Major merger and acquisition activity in the defense sector was pretty quiet in 2013. However, there were some noteworthy trends that point to some of the different directions management teams could take in 2014 and beyond.

There were just two defense-related deals in excess of $100 million announced last year. Both involved defense services businesses. CACI completed the $820 million purchase of Six3 Systems on Nov. 15. And on Dec. 22, Engility, which was spun off by L-3 Communications in 2012, announced an agreement to purchase Dynamics Research for $120 million. The other major development was an announcement by Exelis on Dec. 11 that it is spinning off its military and government services business.

But the bigger deals involved companies moving to reduce their exposure to the defense market by pursuing acquisitions in other sectors. Just before the end of the year, Rockwell Collins closed on a $1.4 billion purchase of Arinc, which specializes in aviation-related communications, engineering and systems integration. ATK further expanded its portfolio in sporting goods with a $985 million deal to acquire Bushnell and a $315 million deal for Caliber Co., the parent company of Savage Sports. And on Dec. 26, Textron announced it would acquire Beechcraft for $1.4 billion.

As 2014 gets underway, it is tempting to assume M&A activity will see more of the same patterns. However, there are new factors to consider in a changing industrial landscape. One is the rather stunning upward equity revaluations of public defense companies last year. In January 2013, U.S. and European firms were selling at a mean of 6.3 times earnings before interest, depreciation and amortization. Based on consensus estimates for 2014, those companies are now selling at a mean of 9.1.

These boosted valuations make it easier for managements to justify the prices of acquisitions to shareholders. That was not the case during the first three quarters of 2013, when 91% of cash from operations at General Dynamics, L-3 Communications, Lockheed Martin, Northrop Grumman and Raytheon was used buy back stock or pay dividends.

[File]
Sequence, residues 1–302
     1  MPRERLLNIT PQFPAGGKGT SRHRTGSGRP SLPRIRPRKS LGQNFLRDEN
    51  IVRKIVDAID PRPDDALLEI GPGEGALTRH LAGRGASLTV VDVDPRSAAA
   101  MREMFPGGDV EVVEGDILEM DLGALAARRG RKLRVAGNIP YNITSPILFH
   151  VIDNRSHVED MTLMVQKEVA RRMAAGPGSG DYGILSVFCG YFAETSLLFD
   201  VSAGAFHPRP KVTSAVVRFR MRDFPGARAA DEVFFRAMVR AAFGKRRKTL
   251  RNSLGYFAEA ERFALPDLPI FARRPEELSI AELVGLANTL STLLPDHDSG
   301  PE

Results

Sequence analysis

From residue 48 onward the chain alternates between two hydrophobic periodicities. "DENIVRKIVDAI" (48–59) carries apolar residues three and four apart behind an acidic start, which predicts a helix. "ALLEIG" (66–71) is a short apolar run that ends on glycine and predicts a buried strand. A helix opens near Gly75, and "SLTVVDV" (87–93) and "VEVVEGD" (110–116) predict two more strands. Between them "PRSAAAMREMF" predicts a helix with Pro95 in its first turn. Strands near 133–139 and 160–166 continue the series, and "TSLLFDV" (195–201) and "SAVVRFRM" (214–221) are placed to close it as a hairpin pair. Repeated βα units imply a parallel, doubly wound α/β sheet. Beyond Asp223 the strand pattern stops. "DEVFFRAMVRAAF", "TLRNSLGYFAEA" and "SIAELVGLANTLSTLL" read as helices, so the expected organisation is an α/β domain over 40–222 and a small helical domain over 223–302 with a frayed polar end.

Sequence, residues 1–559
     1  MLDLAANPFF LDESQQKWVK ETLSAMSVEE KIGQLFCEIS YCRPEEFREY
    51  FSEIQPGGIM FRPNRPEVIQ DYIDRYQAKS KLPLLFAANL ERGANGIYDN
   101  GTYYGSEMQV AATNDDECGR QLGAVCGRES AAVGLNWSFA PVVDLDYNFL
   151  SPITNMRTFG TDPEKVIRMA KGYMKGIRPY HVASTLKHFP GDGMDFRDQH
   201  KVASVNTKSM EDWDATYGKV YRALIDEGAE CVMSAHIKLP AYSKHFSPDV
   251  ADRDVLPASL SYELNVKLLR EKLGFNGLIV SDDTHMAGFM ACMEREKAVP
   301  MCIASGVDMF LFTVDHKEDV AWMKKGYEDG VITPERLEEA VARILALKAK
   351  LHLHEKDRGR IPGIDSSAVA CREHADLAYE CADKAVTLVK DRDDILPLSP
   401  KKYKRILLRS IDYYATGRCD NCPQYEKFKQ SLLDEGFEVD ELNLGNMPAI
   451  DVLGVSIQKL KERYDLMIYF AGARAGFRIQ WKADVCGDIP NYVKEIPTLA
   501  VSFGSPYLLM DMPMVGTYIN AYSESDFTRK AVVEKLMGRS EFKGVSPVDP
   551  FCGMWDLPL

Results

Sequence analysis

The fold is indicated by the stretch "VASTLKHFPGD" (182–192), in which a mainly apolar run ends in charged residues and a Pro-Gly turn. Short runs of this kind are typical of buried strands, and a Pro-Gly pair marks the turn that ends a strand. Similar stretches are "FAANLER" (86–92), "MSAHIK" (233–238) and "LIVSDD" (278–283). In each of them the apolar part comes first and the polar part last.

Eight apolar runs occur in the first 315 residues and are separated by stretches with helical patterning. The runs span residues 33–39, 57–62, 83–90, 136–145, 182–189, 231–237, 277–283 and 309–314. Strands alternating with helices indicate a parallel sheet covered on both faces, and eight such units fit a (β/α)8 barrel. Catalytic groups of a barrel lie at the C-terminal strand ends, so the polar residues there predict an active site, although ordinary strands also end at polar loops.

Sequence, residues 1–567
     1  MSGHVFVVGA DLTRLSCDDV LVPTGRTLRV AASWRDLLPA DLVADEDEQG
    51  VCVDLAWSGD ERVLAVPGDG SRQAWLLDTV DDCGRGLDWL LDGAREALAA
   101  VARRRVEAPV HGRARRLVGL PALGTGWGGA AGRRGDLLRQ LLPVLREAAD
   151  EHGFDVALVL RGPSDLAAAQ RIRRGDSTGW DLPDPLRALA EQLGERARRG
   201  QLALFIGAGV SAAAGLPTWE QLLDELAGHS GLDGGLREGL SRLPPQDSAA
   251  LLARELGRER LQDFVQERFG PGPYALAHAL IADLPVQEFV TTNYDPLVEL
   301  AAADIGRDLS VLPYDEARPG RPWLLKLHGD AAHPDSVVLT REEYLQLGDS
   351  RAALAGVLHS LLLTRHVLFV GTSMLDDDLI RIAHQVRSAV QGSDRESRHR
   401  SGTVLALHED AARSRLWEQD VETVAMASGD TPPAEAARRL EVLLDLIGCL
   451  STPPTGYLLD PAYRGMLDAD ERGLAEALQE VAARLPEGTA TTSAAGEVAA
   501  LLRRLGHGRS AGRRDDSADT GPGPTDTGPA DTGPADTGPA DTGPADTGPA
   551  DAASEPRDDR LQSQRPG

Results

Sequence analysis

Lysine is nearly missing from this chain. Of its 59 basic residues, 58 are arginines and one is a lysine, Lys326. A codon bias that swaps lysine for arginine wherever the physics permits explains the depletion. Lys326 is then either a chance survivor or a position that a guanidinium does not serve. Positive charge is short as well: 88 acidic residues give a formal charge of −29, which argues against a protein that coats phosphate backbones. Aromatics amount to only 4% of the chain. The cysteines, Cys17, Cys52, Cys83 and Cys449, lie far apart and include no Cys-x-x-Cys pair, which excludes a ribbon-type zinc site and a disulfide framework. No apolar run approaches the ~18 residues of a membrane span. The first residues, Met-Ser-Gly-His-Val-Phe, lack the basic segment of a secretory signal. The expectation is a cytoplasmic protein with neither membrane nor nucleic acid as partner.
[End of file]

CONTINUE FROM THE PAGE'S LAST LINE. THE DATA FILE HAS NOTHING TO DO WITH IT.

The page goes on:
Meanwhile, a clearer picture of U.S. defense spending should emerge in 2014-15, drawing buyers and sellers from the sidelines. There are bound to be different views about how defense spending in general and specific programs could fare in 2016 and beyond, but the combination of near-term stability and long-term variability in the defense outlook could contribute to more deal-making. Like ATK and Rockwell Collins, some companies could take advantage of low interest rates to finance acquisitions outside of core defense markets. Others, believing that better days lie ahead for defense, may seek to double down on their exposure.

The U.S. Defense Department is not apt to change its opposition to consolidation among the large prime contractors. But that does not preclude restructuring or divestitures by these companies, and mid-size and smaller firms could be more active in the market. Decisions by L-3 Communications, Exelis and SAIC to restructure in order to remain more competitive in services suggest other firms with diversified portfolios of services might follow suit.

Two U.K. contractors signaled strategic reviews in 2013. Qinetiq is looking hard at its U.S. services business and Chemring promised to review its portfolio. Others could do the same, particularly when anticipated critical mass in local markets was not achieved.

In an October analysis, the aerospace/defense team at Houlihan Lokey noted that a number of defense services businesses have been held for some time by private-equity firms. These investors will not hold their properties indefinitely and will seek returns, possibly through strategic action.

Finally, there are some market sectors in the U.S. that could be more sharply defined, depending on the outcome of major defense programs and competitions. Decisions on the Armored Multi-Purpose Vehicle, Ground Combat Vehicle and Joint Light Tactical Vehicle in 2014-15 could trigger losers in these competitions, or program funding decisions to look anew at their competitive positions in defense vehicle markets. The fate of Boeing's F/A-18 and C-17 programs may also spawn strategic rethinking among suppliers. Rotorcraft remains a mature sector for now, but one where changing demand and new product development spawns strategic reassessments.

Contributing columnist Byron Callan is a director at Capital Alpha Partners.